America’s Math Curriculum Doesn’t Add Up (People I (Mostly) Admire Ep. 42)
A special episode: Steve reports on a passion of his. Most high-school math classes are still preparing students for the Sputnik era. Steve wants to get rid of the “geometry sandwich” and instead have kids learn what they really need in the modern era: data fluency. Originally broadcast on Freakonomics Radio, this episode includes an update from Steve about a project he launched to revamp the education system.
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Relevant Research & References
Here’s where you can learn more about the people and ideas in this episode:
- Jo Boaler, professor of mathematics education at Stanford University.
- Sally Sadoff, economist at the University of California-San Diego.
- David Coleman, president and C.E.O. of the College Board.
- Daphne Martschenko, research analyst at the University of Chicago.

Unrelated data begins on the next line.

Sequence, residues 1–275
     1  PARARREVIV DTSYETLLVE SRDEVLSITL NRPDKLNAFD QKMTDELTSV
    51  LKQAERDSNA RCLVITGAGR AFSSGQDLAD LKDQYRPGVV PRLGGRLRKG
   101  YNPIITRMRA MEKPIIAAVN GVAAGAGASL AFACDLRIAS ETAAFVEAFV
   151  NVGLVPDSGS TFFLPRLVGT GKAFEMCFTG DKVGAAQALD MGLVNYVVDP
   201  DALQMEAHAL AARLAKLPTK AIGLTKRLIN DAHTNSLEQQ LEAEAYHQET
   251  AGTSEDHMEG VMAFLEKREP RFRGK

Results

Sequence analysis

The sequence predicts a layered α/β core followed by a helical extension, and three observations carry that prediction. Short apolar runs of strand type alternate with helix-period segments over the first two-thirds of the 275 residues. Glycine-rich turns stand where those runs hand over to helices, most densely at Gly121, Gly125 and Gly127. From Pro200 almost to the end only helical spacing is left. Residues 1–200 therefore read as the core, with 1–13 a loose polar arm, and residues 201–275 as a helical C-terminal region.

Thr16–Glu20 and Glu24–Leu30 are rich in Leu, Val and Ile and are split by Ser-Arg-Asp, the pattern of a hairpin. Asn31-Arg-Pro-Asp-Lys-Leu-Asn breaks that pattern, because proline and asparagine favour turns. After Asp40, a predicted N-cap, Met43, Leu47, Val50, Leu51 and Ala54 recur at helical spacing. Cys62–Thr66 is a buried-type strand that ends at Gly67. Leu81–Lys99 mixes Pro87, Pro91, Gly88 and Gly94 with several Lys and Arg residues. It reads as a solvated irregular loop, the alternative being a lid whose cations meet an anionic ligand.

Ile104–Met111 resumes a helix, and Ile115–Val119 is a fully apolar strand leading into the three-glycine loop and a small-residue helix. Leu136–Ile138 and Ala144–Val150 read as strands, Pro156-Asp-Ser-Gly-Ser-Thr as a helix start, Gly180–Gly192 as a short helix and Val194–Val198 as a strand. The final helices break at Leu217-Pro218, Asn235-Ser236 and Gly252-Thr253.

- Suyen Machado, program director for the Introduction to Data Science Project.
- “How Much Data Is Created Every Day in 2020?” by Kesha Shah (LinkedIn, 2020).
- “Rejected by Colleges, SAT and ACT Gain High School Acceptance,” by Kate Zernike (The New York Times, 2016).
- “Just 1 in 4 High School Seniors Have Taken Statistics,” by Liana Loewus (Education Week, 2016).
- “Here’s the Very First SAT, From 1926. Can You Pass It?” by Valerie Strauss (The Washington Post, 2014).
- “Big Data and What it Means,” by Leslie Bradshaw (U.S. Chamber of Commerce Foundation, 2013).
- “A Brief History of Mathematics Education in America,” Jessica Furr (The University of Georgia, 1996).
- “The History of Mathematical Education,” Phillip Jones (The American Mathematical Monthly, 1967).